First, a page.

These People’s National Movement supporters wave their flags during a Tobago House of Assembly elections campaign meeting in Charlotteville on Saturday night.

The $21 million in the Tobago House of Assembly’s (THA) closed escrow account, which is earmarked to pay Milshirv Properties Ltd for rent, is not missing. Rather, the THA opened an account at the First Citizens, transferred the funds there and subsequently paid the company.

This was the assurance People’s National Movement’s candidate for Buccoo/Mt Pleasant Ancil Dennis gave to Tobagonians during a THA campaign meeting in Charlotteville on Saturday night.

He was responding to criticism levelled against the THA following the release of the Auditor General’s 2016 report which noted the authority did not present documentation accounting for some $21,569,248 from the closed account.

Milshirv is the private partner in the THA’s first Private-Public Partnership arrangement under a Build-Own/Operate-Lease-Transfer agreement. The company was responsible for constructing the THA’s Division of Food Production headquarters at Shirvan Road.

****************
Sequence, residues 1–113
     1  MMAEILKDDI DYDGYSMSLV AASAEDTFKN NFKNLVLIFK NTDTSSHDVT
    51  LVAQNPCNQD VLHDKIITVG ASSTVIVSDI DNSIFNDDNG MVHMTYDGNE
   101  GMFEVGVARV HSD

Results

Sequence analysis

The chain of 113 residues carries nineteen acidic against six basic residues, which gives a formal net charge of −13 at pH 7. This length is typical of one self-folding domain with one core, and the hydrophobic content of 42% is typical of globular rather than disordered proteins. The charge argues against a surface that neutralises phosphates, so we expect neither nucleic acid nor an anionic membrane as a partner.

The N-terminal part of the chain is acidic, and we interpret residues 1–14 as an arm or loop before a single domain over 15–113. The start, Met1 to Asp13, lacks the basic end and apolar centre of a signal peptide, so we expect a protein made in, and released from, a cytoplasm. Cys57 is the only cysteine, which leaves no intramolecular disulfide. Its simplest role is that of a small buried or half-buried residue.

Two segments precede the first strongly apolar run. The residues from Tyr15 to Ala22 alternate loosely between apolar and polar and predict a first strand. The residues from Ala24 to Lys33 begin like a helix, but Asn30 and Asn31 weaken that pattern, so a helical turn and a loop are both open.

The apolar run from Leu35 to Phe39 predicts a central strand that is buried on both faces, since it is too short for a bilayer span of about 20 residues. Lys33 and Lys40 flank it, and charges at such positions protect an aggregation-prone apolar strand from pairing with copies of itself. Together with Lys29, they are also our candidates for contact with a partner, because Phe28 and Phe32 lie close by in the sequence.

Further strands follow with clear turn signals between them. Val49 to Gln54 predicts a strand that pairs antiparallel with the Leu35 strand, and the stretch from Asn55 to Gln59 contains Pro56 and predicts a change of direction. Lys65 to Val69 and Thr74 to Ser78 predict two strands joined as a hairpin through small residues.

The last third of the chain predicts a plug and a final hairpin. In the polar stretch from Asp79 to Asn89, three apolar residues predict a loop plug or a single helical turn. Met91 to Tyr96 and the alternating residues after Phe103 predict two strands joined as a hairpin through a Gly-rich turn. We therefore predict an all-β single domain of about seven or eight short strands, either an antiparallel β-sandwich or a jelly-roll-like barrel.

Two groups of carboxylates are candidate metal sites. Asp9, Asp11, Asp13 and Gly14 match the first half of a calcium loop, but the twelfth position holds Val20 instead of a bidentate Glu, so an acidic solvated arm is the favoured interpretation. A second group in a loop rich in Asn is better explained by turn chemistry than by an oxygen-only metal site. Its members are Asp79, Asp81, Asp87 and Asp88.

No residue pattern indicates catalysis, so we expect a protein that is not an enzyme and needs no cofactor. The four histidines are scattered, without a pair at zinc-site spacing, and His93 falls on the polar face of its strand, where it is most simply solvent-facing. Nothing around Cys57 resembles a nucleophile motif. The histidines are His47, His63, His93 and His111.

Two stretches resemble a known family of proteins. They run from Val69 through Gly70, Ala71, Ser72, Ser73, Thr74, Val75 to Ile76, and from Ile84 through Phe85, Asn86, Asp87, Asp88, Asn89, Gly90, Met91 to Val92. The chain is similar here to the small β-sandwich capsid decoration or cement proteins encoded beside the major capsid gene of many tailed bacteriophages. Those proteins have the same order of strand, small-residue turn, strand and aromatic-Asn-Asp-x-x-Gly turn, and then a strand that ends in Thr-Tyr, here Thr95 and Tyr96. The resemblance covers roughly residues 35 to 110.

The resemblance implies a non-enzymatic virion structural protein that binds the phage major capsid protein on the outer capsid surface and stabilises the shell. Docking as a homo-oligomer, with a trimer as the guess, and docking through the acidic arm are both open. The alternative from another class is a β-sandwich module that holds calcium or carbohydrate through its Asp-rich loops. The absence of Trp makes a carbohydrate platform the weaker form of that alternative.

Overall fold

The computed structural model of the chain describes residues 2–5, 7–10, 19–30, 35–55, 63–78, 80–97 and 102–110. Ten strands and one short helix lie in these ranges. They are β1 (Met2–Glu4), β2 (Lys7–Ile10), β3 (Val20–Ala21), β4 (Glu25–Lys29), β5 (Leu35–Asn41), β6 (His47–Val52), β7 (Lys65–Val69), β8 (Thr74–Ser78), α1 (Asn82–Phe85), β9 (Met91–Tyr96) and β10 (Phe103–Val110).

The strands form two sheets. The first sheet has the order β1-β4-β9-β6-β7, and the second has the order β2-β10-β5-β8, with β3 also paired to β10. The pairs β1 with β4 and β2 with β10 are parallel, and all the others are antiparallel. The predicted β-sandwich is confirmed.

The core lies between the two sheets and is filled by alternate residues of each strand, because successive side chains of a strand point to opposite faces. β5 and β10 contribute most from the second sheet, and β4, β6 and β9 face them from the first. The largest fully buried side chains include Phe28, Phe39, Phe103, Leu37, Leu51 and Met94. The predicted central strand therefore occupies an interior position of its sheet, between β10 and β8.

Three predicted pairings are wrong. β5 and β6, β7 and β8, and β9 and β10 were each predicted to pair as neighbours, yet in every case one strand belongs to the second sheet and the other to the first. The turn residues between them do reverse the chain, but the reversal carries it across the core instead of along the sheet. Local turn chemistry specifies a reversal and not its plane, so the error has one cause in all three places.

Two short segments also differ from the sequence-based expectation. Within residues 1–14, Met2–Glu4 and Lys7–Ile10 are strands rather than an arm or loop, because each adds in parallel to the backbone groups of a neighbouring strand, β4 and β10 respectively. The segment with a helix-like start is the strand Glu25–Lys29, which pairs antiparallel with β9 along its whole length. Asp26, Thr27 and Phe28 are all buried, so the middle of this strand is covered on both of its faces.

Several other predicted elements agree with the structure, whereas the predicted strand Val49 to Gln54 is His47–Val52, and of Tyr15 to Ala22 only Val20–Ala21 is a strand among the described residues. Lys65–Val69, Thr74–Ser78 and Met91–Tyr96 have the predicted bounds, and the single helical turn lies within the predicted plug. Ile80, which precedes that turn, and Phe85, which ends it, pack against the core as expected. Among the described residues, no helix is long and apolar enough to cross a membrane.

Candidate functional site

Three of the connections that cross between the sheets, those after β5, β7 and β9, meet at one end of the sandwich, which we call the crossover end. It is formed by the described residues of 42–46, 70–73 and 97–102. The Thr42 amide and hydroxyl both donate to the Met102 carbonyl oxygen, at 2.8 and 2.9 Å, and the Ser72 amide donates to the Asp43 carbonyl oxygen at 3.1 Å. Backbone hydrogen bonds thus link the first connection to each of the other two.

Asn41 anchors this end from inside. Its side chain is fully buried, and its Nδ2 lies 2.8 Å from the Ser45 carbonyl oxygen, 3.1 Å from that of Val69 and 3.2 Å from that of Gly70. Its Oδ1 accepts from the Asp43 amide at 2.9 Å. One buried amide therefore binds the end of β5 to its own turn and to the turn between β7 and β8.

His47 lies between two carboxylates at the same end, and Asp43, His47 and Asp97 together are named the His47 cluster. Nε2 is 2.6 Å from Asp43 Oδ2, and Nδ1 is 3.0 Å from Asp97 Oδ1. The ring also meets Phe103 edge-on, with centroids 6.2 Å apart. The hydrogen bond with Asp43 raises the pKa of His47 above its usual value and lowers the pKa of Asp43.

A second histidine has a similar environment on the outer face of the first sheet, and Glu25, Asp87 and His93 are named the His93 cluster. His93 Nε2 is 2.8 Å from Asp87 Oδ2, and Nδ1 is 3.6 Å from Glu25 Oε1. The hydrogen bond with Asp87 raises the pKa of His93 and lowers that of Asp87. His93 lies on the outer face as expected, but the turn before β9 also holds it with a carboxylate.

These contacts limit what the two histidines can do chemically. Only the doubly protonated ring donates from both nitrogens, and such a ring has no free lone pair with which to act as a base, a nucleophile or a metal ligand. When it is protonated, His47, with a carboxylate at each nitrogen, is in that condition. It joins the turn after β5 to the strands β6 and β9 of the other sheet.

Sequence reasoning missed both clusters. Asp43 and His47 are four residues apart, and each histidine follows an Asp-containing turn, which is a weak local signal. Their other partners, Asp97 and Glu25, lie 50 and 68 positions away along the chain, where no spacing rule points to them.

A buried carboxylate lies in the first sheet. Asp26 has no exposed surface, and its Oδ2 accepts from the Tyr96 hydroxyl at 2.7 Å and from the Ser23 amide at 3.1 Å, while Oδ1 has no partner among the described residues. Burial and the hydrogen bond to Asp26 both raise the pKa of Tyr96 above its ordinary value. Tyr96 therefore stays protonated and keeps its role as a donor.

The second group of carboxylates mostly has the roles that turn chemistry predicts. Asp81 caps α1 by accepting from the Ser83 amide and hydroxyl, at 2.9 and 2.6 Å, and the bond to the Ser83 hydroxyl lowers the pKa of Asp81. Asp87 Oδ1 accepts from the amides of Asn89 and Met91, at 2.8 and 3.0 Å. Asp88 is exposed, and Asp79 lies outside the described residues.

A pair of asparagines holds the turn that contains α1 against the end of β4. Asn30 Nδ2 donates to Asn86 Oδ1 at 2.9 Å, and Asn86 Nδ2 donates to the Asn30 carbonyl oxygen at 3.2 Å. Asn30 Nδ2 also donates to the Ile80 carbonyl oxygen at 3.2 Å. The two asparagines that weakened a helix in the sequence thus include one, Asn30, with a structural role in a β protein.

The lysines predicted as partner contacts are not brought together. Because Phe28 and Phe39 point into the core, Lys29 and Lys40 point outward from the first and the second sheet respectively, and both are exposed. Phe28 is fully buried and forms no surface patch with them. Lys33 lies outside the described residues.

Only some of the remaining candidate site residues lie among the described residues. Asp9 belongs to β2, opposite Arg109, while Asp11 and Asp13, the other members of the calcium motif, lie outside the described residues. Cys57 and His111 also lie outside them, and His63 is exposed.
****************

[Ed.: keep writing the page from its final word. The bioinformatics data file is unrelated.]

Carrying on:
During a campaign trail meeting on January 10, the Progressive Democratic Patriots (PDP) had asked the THA to account for the “missing” funds.

But on Saturday night, Dennis said no People’s National Movement official stole the money as alleged by the PDP. He said the missing documentation from the Auditor General’s accounting package was available.

He said the THA’s former chief administrator, Dr Ellis Burris and former finance secretary Dr Anslem Ricards set up an account at First Citizens and transferred “the $21 million and interest to Milshirv account.”

Explaining the absence of the document from information tendered to the Auditor General’s department, Dennis said: “…If you coming to look for 2016 books in 2020 and you asking public servants to go back into dusty rooms and to go into far locations … that is always going to be a challenge.”

He also said the THA did not have sufficient time to present the paperwork to the Auditor General.

“If you issue the management letter on November 12 (2020) and you finalise the report on the 10 of December (2020) … that gave the administrators of the Tobago House of Assembly, along with the public servants, less than one month to respond to all the queries of the auditor general.”

A release from the Dennis’ office also explained the issue further.

“It must be noted that the document that has been publicised and quoted as the Auditor General’s Report, was in fact the Management Letter of the Audit of the Tobago House of Assembly (THA) for the year ended September 30, 2016,” it said.

The release said the final report also did not include the much-publicised about $2.5 million million zipline project.